For his main assault, Pakenham wished an attack on both sides of the river. A force under Colonel William Thornton was to cross to the west bank, assault the American batteries, and turn their guns on Jackson's line. As this occurred, the main body of the army would attack Line Jackson with Major General Samuel Gibbs advancing on the right, with Keane to his left. A smaller force under Colonel Robert Rennie would move forward along the river. This plan quickly ran into problems as difficulties arose getting the boats to move Thornton's men from Lake Borne to the river. While a canal had been constructed, it began to collapse and the dam intended to divert water into the new channel failed. As a result, the boats had to be dragged through the mud leading to a 12-hour delay.

As a result, Thornton was late in crossing on the night of January 7/8 and the current forced him to land further downstream than intended. Despite knowing that Thornton would not be in place to attack in concert with the army, Pakenham elected to move forward. Additional delays soon occurred when Lieutenant Colonel Thomas Mullens' 44th Irish Regiment, which was meant to lead Gibbs' attack and bridge the canal with ladders and fascines, could not be found in the morning fog. With dawn approaching, Pakenham ordered the attack to begin. While Gibbs and Rennie advanced, Keane was further delayed.

Standing Firm

As his men moved onto the Chalmette plain, Pakenham hoped that the dense fog would provide some protection. This was soon dashed as the fog melted away under the morning sun. Seeing the British columns before their line, Jackson's men opened an intense artillery and rifle fire upon the enemy. Along the river, Rennie's men succeeded in taking a redoubt in front of the American lines. Storming inside, they were halted by fire from the main line and Rennie was shot dead. On the British right, Gibbs' column, under heavy fire, was approaching the ditch in front of the American lines but lacked the fascines to cross.

With his command falling apart, Gibbs was soon joined by Pakenham who led the wayward 44th Irish forward. Despite their arrival, the advance remained stalled and Pakenham was soon wounded in the arm. Seeing Gibbs' men faltering, Keane foolishly ordered the 93rd Highlanders to angle across the field to their aid. Absorbing fire from the Americans, the Highlanders soon lost their commander, Colonel Robert Dale. With his army collapsing, Pakenham ordered Major General John Lambert to lead the reserves forward. Moving to rally the Highlanders, he was struck in the thigh, and then mortally wounded in the spine.

The loss of Pakenham was soon followed by the death of Gibbs and the wounding of Keane. In a matter of minutes, the entirety of British senior command on the field was down. Leaderless, British troops remained on the killing field. Pushing forward with the reserves, Lambert was met by the remnants of the attack columns as they fled towards the rear. Seeing the situation as hopeless, Lambert pulled back. The only success of the day came across the river where Thornton's command overwhelmed the American position. This too was surrendered though after Lambert learned that it would take 2,000 men to hold the west bank.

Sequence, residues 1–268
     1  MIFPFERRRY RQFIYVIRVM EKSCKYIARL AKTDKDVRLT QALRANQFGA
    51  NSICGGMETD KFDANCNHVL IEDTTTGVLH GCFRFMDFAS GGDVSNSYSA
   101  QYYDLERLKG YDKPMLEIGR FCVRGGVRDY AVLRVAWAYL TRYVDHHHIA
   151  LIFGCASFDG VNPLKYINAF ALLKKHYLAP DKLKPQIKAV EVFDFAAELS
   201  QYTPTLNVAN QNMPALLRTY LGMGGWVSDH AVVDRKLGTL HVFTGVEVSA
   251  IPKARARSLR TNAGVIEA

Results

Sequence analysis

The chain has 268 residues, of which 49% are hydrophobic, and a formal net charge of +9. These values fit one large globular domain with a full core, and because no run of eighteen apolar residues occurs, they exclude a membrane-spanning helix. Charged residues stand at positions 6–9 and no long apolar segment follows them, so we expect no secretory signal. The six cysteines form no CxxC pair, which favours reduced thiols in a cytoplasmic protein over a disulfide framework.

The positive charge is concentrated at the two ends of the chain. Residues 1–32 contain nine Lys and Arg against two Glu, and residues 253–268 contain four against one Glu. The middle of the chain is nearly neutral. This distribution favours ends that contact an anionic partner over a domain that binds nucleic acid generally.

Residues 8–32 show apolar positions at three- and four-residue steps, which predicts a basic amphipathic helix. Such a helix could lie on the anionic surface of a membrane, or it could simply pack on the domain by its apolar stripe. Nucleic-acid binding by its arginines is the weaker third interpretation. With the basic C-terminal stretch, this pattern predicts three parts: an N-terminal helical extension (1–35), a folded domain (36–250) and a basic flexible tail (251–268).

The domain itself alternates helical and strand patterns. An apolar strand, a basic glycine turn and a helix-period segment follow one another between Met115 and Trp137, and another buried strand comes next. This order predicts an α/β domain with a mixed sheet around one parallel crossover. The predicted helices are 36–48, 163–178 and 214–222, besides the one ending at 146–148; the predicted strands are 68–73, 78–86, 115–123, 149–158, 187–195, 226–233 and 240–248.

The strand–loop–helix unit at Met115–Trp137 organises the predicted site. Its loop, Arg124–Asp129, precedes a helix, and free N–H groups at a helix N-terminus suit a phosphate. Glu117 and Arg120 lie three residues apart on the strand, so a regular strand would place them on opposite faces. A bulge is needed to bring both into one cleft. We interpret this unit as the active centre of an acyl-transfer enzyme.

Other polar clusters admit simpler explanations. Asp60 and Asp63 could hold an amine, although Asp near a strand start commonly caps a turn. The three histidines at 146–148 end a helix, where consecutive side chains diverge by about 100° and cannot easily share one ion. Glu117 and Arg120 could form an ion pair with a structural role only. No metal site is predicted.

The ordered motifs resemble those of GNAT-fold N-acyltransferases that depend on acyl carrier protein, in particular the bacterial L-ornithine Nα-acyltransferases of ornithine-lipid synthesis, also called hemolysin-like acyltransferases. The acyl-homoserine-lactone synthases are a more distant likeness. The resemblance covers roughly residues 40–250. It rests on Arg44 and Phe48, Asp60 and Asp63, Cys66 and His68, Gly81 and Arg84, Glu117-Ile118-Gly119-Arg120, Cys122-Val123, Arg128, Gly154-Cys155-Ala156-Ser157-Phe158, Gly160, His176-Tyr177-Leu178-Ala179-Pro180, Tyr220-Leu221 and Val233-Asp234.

The victory at New Orleans on January 8 cost Jackson around 13 killed, 58 wounded, and 30 captured for a total of 101. The British reported their losses as 291 killed, 1,262 wounded, and 484 captured/missing for a total of 2,037. A stunningly one-sided victory, the Battle of New Orleans was the signature American land victory of the war. In the wake of the defeat, Lambert and Cochrane withdrew after bombarding Fort St. Philip. Sailing to Mobile Bay, they captured Fort Bowyer in February and made preparations for attacking Mobile.

Before the attack could go forward, the British commanders learned that a peace treaty had been signed at Ghent, Belgium. In fact, the treaty had been signed on December 24, 1814, prior to the majority of the fighting in New Orleans. Though the United States Senate had yet to ratify the treaty, its terms stipulated that fighting should cease. While the victory at New Orleans did not influence the content of the treaty, it did aid in forcing the British to abide by its terms. In addition, the battle made Jackson a national hero and aided in propelling him to the presidency.

Selected Sources

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Your Citation
Hickman, Kennedy. "War of 1812: Battle of New Orleans." ThoughtCo, Apr. 5, 2023, thoughtco.com/war-of-1812-battle-new-orleans-2361368. Hickman, Kennedy. (2023, April 5). War of 1812: Battle of New Orleans. Retrieved from https://www.thoughtco.com/war-of-1812-battle-new-orleans-2361368 Hickman, Kennedy. "War of 1812: Battle of New Orleans." ThoughtCo. https://www.thoughtco.com/war-of-1812-battle-new-orleans-2361368 (accessed June 9, 2023).